Search - Scraping Foetus Off the Wheel :: Hole

Scraping Foetus Off the Wheel
Genres: Alternative Rock, Pop, Rock
  •  Track Listings (10) - Disc #1

Reasserted restored artwork in digi-pack format


Larger Image

CD Details

All Artists: Scraping Foetus Off the Wheel
Title: Hole
Members Wishing: 2
Total Copies: 0
Label: Thirsty Ear
Release Date: 5/23/1995
Genres: Alternative Rock, Pop, Rock
Styles: Hardcore & Punk, Goth & Industrial, New Wave & Post-Punk, Progressive, Progressive Rock
Number of Discs: 1
SwapaCD Credits: 1
UPC: 700435700925


Album Description
Reasserted restored artwork in digi-pack format

Similar CDs


CD Reviews

Pure joyful madness!
Michael G. Hannaford | Sacramento, CA USA | 05/08/2003
(5 out of 5 stars)

"This incredible album still blows my mind after ten years of listening. I can only assume that every Foetus fan has heard it by now, so this review is directed at the Foetus newbie who wonders if this is the next one s/he should buy after "Flow". The answer is a resounding YES YES YES. This is good ol' Jim Thirlwell at his 80's peak, recording his deliciously witty, musically insane songs in some scummy studio with no sequencers or Pro-Tools or any of them other computerized falsifiers of evidence that abound these days. You have to imagine this one man, undoubtedly drunk, locked in a dark room with a delay pedal, recording the beginnings of "I'll Meet You in Poland, Baby," spending hours twiddling the delay knobs to get all those samples to line up JUST RIGHT. You gotta imagine him laying down the drum track, then the next drum track, then another and another and another... then a bass track... then horns, organ, guitar, millions of vocals - like Satan's version of Prince. Knocking off everything from punk to jazz to Iggy Pop to the Beach Boys to old school funk along the way... nothing is safe from the Foetus tirade.But as much as I love his music, the real reason why I love Foetus so much is the words. The dark humor, the endless puns, the never-ending string of witticisms - I don't know why, I just love them. Example, from "Satan Place" : "I'm knock-knock-knock-knockin on death's door / do you remember where you've seen this cadaver before / this swan song's sung on a watery grave / blow your brains out, baby!"Foetus isn't for everybody, much as I want to believe he is; very few of the dozens of people I've played him for have picked up the ball and run with it. Let's just say this: if you are looking for an artist truly out of the ordinary, truly weird, ridiculously talented, and with many, many axes to grind - then Foetus is your man, and this is your next album."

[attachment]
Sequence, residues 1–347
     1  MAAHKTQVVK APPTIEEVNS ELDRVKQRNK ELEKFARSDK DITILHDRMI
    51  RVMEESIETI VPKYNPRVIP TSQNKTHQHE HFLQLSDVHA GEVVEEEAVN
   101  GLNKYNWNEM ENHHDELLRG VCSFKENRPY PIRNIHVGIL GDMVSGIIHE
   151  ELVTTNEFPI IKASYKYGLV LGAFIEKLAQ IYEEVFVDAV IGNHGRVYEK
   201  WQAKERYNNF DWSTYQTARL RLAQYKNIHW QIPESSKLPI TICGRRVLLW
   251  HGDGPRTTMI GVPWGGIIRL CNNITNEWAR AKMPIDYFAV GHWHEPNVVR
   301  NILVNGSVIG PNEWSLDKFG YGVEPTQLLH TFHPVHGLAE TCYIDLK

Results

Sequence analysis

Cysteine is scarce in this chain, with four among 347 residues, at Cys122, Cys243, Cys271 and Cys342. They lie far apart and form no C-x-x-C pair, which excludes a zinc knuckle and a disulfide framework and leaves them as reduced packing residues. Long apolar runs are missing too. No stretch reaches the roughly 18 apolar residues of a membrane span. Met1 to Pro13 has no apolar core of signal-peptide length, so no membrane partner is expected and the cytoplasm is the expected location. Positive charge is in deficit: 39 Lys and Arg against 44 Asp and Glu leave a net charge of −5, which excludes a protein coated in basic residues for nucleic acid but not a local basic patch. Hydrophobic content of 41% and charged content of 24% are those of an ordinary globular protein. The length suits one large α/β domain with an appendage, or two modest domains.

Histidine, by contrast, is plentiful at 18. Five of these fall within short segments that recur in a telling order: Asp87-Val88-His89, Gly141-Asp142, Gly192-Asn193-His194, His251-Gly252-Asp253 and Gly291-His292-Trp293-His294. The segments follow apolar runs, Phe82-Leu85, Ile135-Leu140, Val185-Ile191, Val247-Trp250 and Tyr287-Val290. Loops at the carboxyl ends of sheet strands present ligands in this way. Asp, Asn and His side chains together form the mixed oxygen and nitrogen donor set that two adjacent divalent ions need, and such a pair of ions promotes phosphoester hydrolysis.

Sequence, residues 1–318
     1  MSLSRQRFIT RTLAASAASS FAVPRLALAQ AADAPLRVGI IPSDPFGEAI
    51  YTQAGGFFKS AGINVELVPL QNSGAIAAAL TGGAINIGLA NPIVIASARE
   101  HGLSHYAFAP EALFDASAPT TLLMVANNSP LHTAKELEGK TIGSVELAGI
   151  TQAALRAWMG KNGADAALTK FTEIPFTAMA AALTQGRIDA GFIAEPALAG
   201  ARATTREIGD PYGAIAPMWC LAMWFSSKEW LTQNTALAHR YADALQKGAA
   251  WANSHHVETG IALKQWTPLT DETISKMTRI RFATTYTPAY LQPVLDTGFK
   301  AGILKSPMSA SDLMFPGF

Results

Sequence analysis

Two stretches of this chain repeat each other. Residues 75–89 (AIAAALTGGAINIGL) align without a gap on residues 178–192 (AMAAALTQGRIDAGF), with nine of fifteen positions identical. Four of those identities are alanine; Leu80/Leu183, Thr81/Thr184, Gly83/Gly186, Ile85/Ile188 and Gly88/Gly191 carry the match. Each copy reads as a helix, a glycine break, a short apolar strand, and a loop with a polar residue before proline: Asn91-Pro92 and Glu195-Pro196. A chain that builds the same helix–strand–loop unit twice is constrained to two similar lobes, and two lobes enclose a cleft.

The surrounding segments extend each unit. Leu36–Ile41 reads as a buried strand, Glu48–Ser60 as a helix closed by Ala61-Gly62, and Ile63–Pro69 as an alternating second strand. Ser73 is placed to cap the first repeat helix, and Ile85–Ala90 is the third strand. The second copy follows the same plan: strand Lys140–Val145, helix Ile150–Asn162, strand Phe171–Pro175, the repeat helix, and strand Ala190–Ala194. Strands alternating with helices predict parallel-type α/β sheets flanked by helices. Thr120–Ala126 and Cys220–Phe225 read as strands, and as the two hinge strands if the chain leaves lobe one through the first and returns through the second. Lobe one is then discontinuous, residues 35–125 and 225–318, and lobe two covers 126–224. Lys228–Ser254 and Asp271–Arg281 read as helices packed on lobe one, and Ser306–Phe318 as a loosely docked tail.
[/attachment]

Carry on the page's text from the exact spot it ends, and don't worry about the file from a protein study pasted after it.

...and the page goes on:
Not the penultimate, but damn good.
Bighairydoofus | Brooklyn Park, MN United States | 11/06/2004
(4 out of 5 stars)

If you're easily offended, well, THIS IS NOT FOR YOU.

"Satan Place" is a song about a man going to hell set to surf music...

Compare this with music made by poseurs like Marilyn Hanson, ten years later. They made music without one iota of the inspiration or passion (or dare I say it... HUMOR) that exists here. This is the real deal. Circa '89 you got an extra disc when you bought this album on vinyl, seek it out if you care...

This was provacative madness via mid 80's agitpop... Mr. Thirlwell's opus "Nail" is better, but not by much. Awesome cutting edge music not for the faint of heart.

I'll see you in Poland, baby."
#1 Indie album of 1984
ChrisWN | Santa Cruz, CA | 03/20/2006
(5 out of 5 stars)

"1984, time to reminisce. All of the newspapers are commenting on how Orwell's vision didn't come to pass, while Reagan & Thatcher are hatching their little wars. Alternative goes mainstream, Eurythmics write the soundtrack for 1984, Art of Noise duet with Max Headroom, and FGTH's video for Two Tribes gets banned from MTV in the daytime. So where's alternative headed? Either the folk/60's inspired rock in the US (REM, Let's Active...) or towards more experimental synth/goth/industrial hybrids in the EU/UK (Sisters of Mercy, Einsturzende Neubauten,...). So Ministry & J. Thirwell go against the grain in the US & (initially) get more attention overseas than in the US. I was quite interested in this one because it sat on top of the NME's indie album chart for the longest time (I got most of my indie music info from the NME reviews & charts) & although I had never heard it, concluded it must be good (if it could stay there longer than the usual 1 week norm), needless to say the band name helped. So when it finally got a domestic release, I gave up the cash despite the fact that I hadn't heard a note. I must say I was pleasantly surprised. Although I wasn't a big fan of Big Black (except for the early singles), I found this combination of industrial, rock, synths & dramatic (dare I say operatic) vocals to be quite compelling. More musical and literate than most punk that preceded it, yet no chance of it ever becoming the soundtrack for a cola ad. Listening to it again, more than 20 years later, it holds up pretty well. Still quite catchy. Too bad that the bonus EP isn't included as extra tracks though."